Wheel Composition?

Aptera Community Aptera Discussions Wheel Composition?

Aptera Community Aptera Discussions Wheel Composition?

  • Wheel Composition?

     Peter Jorgensen updated 1 month ago 11 Members · 21 Posts
  • John Voules

    Member
    August 24, 2022 at 9:21 am

    Has anyone come across who will APTERA be using for wheels. I realize for efficiency they will more than likely use an aluminum or other light weight wheel. Steel wheels are more rugged and do not deflate as easily as alloys. Since the wheel is hardly visible, is it possible to use steel wheels? They would be less expensive for APTERA and at the same time would be more rugged. Loosing 33.3% of your wheels do to a flat maybe a bit nerve racking.

  • Jonah Jorgenson

    Member
    August 24, 2022 at 10:37 am

    Probably not steel wheels. They are a real weight penalty.

    • Bob Kirchner

      Member
      August 24, 2022 at 10:57 am

      Regardless, I hope there is an inexpensive option for a second set of wheels to keep my winter tires on.

    • Dennis Swaney

      Member
      August 24, 2022 at 11:56 am

      Here are a couple of light 16″ wheels:

      regamaster/spoon – 10.5lbs

      volk SE37K – 10.8 lbs

      • John Trotter

        Moderator
        August 24, 2022 at 4:38 pm

        Dennis Swaney. I believe to get so light, these need to be forged. Cost would be 3x to 5x regular steel or alloy at maybe 20 to 25 lbs. I shifted to forged wheels on my Tesla MYP and dropped 25 lbs per corner, but could not tell any economy difference, although I know it must exist. And I like the look and ride. And they are strong enough for racing (just not with MY car). I’ll be happy with whatever Aptera chooses.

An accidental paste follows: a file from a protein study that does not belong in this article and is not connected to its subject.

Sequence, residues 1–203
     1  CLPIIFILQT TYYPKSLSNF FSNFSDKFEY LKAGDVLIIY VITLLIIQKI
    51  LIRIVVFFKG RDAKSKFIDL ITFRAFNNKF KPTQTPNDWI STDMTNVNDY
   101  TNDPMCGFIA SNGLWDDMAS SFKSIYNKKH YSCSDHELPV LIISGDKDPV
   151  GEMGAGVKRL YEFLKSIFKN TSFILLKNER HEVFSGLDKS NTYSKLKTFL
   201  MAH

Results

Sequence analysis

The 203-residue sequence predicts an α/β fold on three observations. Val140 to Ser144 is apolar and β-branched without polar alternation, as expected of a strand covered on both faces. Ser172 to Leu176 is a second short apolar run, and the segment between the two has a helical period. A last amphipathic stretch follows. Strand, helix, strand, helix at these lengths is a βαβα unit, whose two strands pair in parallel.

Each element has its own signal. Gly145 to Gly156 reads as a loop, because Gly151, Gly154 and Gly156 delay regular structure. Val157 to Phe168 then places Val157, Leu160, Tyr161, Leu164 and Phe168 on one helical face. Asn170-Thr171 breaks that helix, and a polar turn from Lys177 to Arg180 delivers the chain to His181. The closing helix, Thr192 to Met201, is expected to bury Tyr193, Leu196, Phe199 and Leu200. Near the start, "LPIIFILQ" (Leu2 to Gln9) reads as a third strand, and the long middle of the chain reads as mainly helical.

ps: In another post is an interview with Elaphe CTO where he mentions the whole unsprung-weight deal and the need to design the car (suspension), the wheel, and the in-wheel motor in a coordinated fashion. I have to believe Aptera & Elaphe are doing just that.

        • This reply was modified 1 month, 1 week ago by  John Trotter. Reason: add a bit
  • Vernon Sinnott

    Member
    August 24, 2022 at 11:37 am
    • Andrew McKeown-Henshall

      Member
      August 24, 2022 at 11:54 am

      Pretty sure I heard them state in one interview/ Q&A that all rims / tyres were the same size (and possibly motors for 3WD??)

      • John Voules

        Member
        August 24, 2022 at 12:07 pm

        Yes…I also remember APTERA mentioning that all 3 wheels and tires will be the same size. It will allow you to rotate for even wear. Unfortunately there is no pattern to the rotation, hopefully that will be addressed once vehicle begin to ship.

        I know there are some excellent light wheels out there…I am willing to forgo a little efficiency for a bit more safety of steel wheels.

        Also I do remember that APTERA also mentioned that the wheels and tires will be of a common size so as not to have added cost for replacement.

        • This reply was modified 1 month, 1 week ago by  John Voules.
        • Dennis Swaney

          Member
          August 24, 2022 at 12:36 pm

          Only two major rotation possibilities are clockwise or counterclockwise if you include the rear. Swapping just the fronts would be easy if non-directional tires are use; the rear would have to be removed from the rim, flipped, and remounted in this scenario.

          • John Voules

            Member
            August 24, 2022 at 1:18 pm

            Front wheel drive vs AWD will present different scenarios as wear patterns will not be somewhat even between all 3 tires. Front drive will leave the rear with more thread. My thoughts are to move the rear to any front tire that has more wear first. Not sure what the next move might be?

            • James Gatan

              Member
              August 24, 2022 at 2:45 pm